Continuous administration of combined oral contraceptive pills is becoming increasingly popular as a contraceptive method. For most women, amenorrhea is a goal of therapy and unscheduled bleeding is the primary reason for dissatisfaction and discontinuation of the approach. Because MMPs are known to play a role in endometrial degradation,3–6 we tested the hypothesis that an MMP inhibitor could reduce this bleeding. Results from our randomized, blinded, placebo-controlled study demonstrate that doxycycline, initiated at the onset of unscheduled bleeding or spotting, is not an effective treatment and does not decrease the duration of unscheduled bleeding/spotting or the number of bleeding or spotting episodes.
It is notable that the mean number of days of bleeding for the placebo group was actually lower than that of the doxycycline group and the lower bound (−5.95 days) of the 95% confidence interval (CI) did not include our ad hoc definition (9-day reduction) of a clinically meaningful difference. In fact, these data rule out the possibility of the placebo group having more than 6 additional days of bleeding compared with the doxycycline group based on the bounds of the CI. The fact that the CI does not include any clinically meaningful differences indicates that, although this study was insignificant, it was not underpowered. The amount of unscheduled bleeding reported in this study was higher than has been reported in other studies of continuous oral contraceptives1,13 but similar to the amount reported in a study that used the same oral contraceptive formulation we used,14 suggesting external validity to our findings.
There were small changes in the bleeding patterns of participants in the two groups that might be explained by treatment effects. Participants in the placebo group were more likely to have more than four episodes of bleeding, but the doxycycline group tended to experience longer episodes. There was a nonsignificant trend toward more bleeding in the doxycycline group women during each treatment cycle, but not in the posttreatment cycle. Taken together, these results suggest that inhibition of MMPs, once bleeding has started, may have a destabilizing effect on the endometrium in women using continuous oral contraceptives. However, the overall treatment effect of doxycycline on unscheduled bleeding, the number of bleeding and spotting days, and the length of the longest bleeding episodes were not significantly different from placebo. Any alterations in bleeding in the treatment group are unlikely to be related to the absorption of oral contraceptive steroids, as pharmacokinetic studies have demonstrated that concomitant use of doxycycline and other tetracyclines do not alter oral contraceptive steroid levels.15,16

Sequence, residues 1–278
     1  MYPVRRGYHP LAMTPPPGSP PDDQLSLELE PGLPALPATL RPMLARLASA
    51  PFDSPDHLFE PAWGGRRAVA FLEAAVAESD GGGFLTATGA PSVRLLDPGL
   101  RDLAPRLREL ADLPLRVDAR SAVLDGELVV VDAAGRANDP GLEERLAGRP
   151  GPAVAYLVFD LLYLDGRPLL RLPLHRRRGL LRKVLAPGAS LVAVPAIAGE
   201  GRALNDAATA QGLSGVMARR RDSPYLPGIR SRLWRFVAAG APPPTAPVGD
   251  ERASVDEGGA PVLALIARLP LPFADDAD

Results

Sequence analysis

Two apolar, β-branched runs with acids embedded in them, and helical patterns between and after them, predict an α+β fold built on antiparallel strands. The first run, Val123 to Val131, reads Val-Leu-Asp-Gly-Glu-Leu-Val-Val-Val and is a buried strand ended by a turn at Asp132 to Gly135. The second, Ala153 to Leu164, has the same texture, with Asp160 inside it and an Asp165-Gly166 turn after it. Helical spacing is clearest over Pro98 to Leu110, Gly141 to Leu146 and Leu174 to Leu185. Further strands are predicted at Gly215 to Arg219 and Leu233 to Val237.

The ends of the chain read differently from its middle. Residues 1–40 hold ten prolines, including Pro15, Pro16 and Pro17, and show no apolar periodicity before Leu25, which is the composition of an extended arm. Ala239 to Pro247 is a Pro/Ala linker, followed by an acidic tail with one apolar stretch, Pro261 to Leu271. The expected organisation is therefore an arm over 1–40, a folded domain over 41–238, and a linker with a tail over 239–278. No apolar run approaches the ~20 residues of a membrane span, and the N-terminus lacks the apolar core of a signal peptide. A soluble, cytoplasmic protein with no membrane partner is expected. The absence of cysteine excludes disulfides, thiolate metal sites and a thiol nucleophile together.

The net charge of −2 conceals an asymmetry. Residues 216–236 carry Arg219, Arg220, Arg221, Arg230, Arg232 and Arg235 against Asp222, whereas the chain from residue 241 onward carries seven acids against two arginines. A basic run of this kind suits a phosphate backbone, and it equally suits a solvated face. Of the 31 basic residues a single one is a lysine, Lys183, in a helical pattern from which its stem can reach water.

Not all women who initiate therapy with continuous oral contraceptives experience problematic bleeding, and our clinical experience suggests that there is a susceptible phenotype that will never achieve amenorrhea. Our current understanding of the mechanism of endometrial changes induced by contraceptive steroids does not allow us to predict how an individual woman will respond to continuous or cyclic use. Although we randomized participants to treatment group and there were no significant differences in baseline characteristics, differences reflecting endometrial response appear to have existed between the groups. There were significantly more participants in the placebo group who experienced no bleeding or spotting during the study period. This pattern is likely reflective of an underlying endometrial bleeding propensity rather than a treatment effect of the study medication, as participants who did not have unscheduled bleeding did not begin treatment with the study medication. However, when participants who never experienced unscheduled bleeding during the study are excluded from the analysis, a treatment benefit from doxycycline is still not observed.